FDM Design Basics

Table of Contents

What is FDM?

Fused deposition modeling (FDM) 3D printing, also known as fused filament fabrication (FFF), is an additive manufacturing (AM) process within the realm of material extrusion. Material extrusion is a process in which material is selectively dispensed through a nozzle or orifice. FDM builds parts layer by layer by selectively depositing melted material in a predetermined path, and uses thermoplastic polymers that come in the form of filaments. 

How does FDM work?

To operate an FDM machine, you first load a spool of this thermoplastic filament into the printer. Once the nozzle hits the desired temperature, the printer feeds the filament through an extrusion head and nozzle. 

3D Parts Unlimited Blog FDM Diagram 1

This extrusion head is attached to a three-axis system that allows it to move across the X, Y and Z axes. The printer extrudes melted material in thin strands and deposits them layer by layer along a path determined by the design. Once deposited, the material cools and solidifies. You can attach fans to the extrusion head to accelerate cooling in some cases. 

To fill an area, multiple passes are required, similar to coloring in a shape with a marker. When the printer finishes a layer, the build platform descends and the machine begins work on the next layer. In some machine setups, the extrusion head moves up. This process repeats until the part is finished.

General Tolerances

  • +/- 0.1016 or +/- 0.0508 per mm (+/- 0.004″ or +/- 0.002″) per inch in the XY-direction, whichever is greater.
  • +/- 0.254 or +/- 0.0508 per mm (+/- 0.010” or +/- 0.002”) per inch in the Z-direction, whichever is greater.
  • Theoretical maximum build volume of 610 x 915 x 915 mm (24” x 36” x 36”).
  • Nylon 12 parts with thicker geometries, flat or broad parts, and parts with uneven wall thicknesses will be prone to significant deviations or warp due to variable thermal shrinkage and stress.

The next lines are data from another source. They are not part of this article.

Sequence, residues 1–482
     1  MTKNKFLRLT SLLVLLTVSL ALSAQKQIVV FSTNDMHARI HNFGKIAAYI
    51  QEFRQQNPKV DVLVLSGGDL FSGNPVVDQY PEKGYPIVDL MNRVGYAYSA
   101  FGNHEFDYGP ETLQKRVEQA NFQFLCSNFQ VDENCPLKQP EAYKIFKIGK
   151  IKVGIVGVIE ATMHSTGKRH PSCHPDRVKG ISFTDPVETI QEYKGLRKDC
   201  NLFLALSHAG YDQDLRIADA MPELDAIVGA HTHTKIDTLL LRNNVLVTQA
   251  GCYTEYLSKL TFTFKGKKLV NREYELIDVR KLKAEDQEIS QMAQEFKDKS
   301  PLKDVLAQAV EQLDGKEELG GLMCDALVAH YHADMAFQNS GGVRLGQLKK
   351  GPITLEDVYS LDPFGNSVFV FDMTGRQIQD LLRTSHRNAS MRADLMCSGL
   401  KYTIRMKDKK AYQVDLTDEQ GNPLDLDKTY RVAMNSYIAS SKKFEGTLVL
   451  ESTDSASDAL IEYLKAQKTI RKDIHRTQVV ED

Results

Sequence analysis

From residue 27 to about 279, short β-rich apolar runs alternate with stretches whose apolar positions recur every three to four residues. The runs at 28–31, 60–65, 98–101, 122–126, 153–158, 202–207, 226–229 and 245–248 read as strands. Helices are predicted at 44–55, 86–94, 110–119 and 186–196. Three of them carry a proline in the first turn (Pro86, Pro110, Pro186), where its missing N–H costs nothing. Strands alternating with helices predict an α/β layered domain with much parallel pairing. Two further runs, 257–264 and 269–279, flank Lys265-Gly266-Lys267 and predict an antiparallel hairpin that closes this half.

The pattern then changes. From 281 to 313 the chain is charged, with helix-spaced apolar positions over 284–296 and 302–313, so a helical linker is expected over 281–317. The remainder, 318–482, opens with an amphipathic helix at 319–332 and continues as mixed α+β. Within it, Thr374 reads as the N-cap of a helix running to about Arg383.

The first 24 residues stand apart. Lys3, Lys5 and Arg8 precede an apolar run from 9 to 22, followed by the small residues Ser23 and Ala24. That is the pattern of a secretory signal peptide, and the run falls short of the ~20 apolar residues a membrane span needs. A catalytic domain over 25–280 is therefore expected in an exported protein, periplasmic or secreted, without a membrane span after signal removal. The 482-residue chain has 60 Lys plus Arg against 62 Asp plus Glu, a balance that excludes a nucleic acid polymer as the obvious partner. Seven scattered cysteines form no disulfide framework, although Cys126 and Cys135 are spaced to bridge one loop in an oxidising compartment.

Wall Thickness

1MinimumSupportedWallThicknessWall thickness is limited by the filament size, and features thinner than twice the filament’s thickness usually do not print successfully. Features with only one layer of filament are weak and inaccurate. For supporting structures, walls need to be at least 1.2 – 1.5 mm (0.047” – 0.06”)  thick for best results by allowing filament to fill between layers. Walls without closed profiles such as lines are also less resolved compared to those such as circular and closed loops. As a result, thinner, more circular walls are closer to design intent than those with straight walls.



ssys holes 1

Holes for FDM should be designed with a diameter greater than 1mm (0.04”) to retain a circular shape. Orientation of holes is very important and resolution tends to be best when printed parallel to the xy-axis. This is because holes are outlined with concentric circles of filament versus staggered stops between layers. To increase the accuracy of through holes, we may drill out holes during post-processing.

Features & Recommended Size

The table below summarizes the recommended and technically feasible values for the most common features encountered in 3D printed parts.

Feature Recommended size
Unsupported walls 0.8 mm (0.0315”)
Supported walls 0.8 mm (0.0315”)
Minimum feature size 2.0 mm (0.00787”)
Minimum hole diameter 2.0 mm (0.00787”)



A great way to save money for FDM solid parts is changing the infill type. We offers FDM parts in 3 different infill

  • Ultralight: Consisting of a single cross-hatch pattern throughout the parts, this infill is the most cost effective for parts that don’t need to be very strong.
  • Light: This is the next best option for parts that need to retain some strength – a double cross-hatch pattern throughout the part to increases some strength but keeps the price low.
  • Solid: The standard, strongest option – material is completely filled throughout the part.




Orienting parts in FDM has an enormous impact on its overall strength and appearance, especially for fine and concentric features. A lot of designing time is spent to the optimal part orientation to reduce the likelihood of print failure and the amount of required support. Concentric features resolve best when layers print parallel to the xy-axis. Many fine features (e.g. tabs) are stronger when printed parallel to the xy-axis as well. Designing a part so that fragile and concentric features grow in the same direction will help determine the best orientation for a part to print.